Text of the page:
Providing service: reliability, continuity, and quality

Providing services is the main process through which Snam intends to satisfy its service obligations in each one of the businesses in which it operates, in line with the corporate mission and strategy. “Core” activities are defined as those characteristic of Snam’s business, such as natural gas transportation and dispatching, regasification of liquefied natural gas, and natural gas distribution and storage. The process of marketing core services sets itself the objective of seeing to business relations with users of the gas system, contract development and management, commercial management of user requirements, commercial planning and balancing, and billing for services provided.


Providing service – Summary chart (diagram)

For a company such as Snam, ensuring service quality, reliability and continuity means implicitly generating social value. The Company, through a process of safeguarding its business and its primary processes, ensures normal living conditions for the Italian people. Snam was among the first companies in the gas sector to equip itself with a Business Continuity Plan, a model of structured management of possible crises. With this plan, the Company invests in protecting its assets, i.e. in protecting service to the community, through synergies with other stakeholders. The Business Continuity Plan provides for mapping all possible risks and implementing a business impact analysis with respect to all corporate processes, then focusing on the operational continuity of critical processes.

The security of energy supplies is an imperative for Snam, precisely because, due to the sector’s peculiarities, the concept of “business continuity” coincides with that of “social continuity”. Snam’s infrastructure, along with a large part of the investments proposed from the standpoint of a European market, is aimed at ensuring a secure energy supply for the country.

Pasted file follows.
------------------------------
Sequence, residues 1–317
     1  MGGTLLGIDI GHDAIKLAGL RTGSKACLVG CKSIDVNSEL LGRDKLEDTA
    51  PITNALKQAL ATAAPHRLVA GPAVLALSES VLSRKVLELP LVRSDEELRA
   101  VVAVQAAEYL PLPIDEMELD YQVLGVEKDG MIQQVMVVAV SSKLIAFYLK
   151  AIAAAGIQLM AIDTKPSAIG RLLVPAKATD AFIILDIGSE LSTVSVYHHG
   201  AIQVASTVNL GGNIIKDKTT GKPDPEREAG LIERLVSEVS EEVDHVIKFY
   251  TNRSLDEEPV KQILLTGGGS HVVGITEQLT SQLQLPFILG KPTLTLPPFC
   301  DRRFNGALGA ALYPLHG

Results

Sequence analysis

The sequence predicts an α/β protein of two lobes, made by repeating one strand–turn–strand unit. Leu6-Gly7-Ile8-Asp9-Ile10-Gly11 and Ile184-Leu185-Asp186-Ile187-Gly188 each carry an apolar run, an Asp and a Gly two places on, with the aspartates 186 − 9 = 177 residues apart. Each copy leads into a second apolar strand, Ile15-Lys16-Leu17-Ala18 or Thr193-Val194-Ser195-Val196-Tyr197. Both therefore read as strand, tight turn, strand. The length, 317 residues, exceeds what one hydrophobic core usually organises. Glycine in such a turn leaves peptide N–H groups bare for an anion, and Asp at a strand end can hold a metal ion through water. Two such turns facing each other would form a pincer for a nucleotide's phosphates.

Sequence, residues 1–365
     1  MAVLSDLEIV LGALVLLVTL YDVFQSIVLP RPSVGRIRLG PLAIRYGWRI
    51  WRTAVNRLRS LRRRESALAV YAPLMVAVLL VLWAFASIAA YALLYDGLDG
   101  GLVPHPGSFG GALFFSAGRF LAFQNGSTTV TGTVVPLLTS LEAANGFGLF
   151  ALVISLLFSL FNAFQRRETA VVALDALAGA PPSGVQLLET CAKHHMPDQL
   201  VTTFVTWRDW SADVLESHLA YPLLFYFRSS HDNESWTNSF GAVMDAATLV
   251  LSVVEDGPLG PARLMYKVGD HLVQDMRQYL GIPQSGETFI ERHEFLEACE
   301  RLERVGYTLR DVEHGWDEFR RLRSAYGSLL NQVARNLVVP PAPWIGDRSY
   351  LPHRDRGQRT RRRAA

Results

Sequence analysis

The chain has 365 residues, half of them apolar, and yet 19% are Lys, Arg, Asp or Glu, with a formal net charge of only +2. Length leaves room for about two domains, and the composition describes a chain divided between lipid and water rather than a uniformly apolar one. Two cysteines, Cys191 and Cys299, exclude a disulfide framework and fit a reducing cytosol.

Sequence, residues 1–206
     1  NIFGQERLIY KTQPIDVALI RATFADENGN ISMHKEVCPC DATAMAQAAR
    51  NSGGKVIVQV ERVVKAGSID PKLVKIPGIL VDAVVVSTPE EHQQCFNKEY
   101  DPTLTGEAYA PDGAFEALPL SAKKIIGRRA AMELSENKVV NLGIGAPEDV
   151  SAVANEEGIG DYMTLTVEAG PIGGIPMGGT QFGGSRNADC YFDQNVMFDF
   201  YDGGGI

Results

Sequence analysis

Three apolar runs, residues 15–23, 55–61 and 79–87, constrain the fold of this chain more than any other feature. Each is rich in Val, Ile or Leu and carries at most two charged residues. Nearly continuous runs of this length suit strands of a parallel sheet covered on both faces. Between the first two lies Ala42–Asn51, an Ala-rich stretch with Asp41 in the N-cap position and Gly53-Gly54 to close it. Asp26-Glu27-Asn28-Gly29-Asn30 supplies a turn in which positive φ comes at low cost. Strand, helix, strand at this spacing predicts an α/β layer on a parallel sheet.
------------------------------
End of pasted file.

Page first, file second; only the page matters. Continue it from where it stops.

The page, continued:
Snam has developed many tools and opportunities for dialogue and communication in support of the main stakeholders. Specifically, to aid service quality, the Company has prepared a pilot project for predictive measurement of gas quality and for web transmission of the respective specifics in real time to the customer, particularly for industrial targets that need gas quality to be constant; for some end customers, in fact, operational problems could occur in the event of a variation in the quality of continuous gas supply.

In addition, Snam has begun a process of bolstering customer satisfaction survey activities, which will include meetings dedicated to customers, both (upstream) prior to the preparation of the survey itself and (downstream) for giving out the final results. Customer satisfaction surveys will be a tool for further developing dialogue with customers, with a view to consolidating relationships and managing any problems in real time. If significant new changes to contractual terms should become necessary in the future, the Company could evaluate the possibility of holding prior structured meetings with customers to explain to the market the meaning of the changes, which often derive from unilateral decisions by the authorities (e.g. amendments to the Network Code), and to gather requests. Among the future projects being evaluated is the development of a relationship of mutual exchange with customers in the provision of metering data to increase commercial capacity and informational symmetry. The development of gas telemetering, a direction that will be pursued soon in Italy, could in fact generate new opportunities.

Snam’s desire to create shared value, as well as engaging in systematic dialogue with customers, can be represented by relations with institutions. In light of this, some planning aspects could be reinterpreted as an opportunity for discussion and coordination with public authorities and could be designed with a participatory approach, involving some key stakeholders in a collegiate manner.

Lastly, as the final project directive, we may consider the launch of a feasibility study for the use of liquid methane (LNG) for automotive use, in specific contexts and in fragile ecosystems. The positive impacts would be undeniable: greater efficiency and decreased pollution, possibly starting with some pilot projects.

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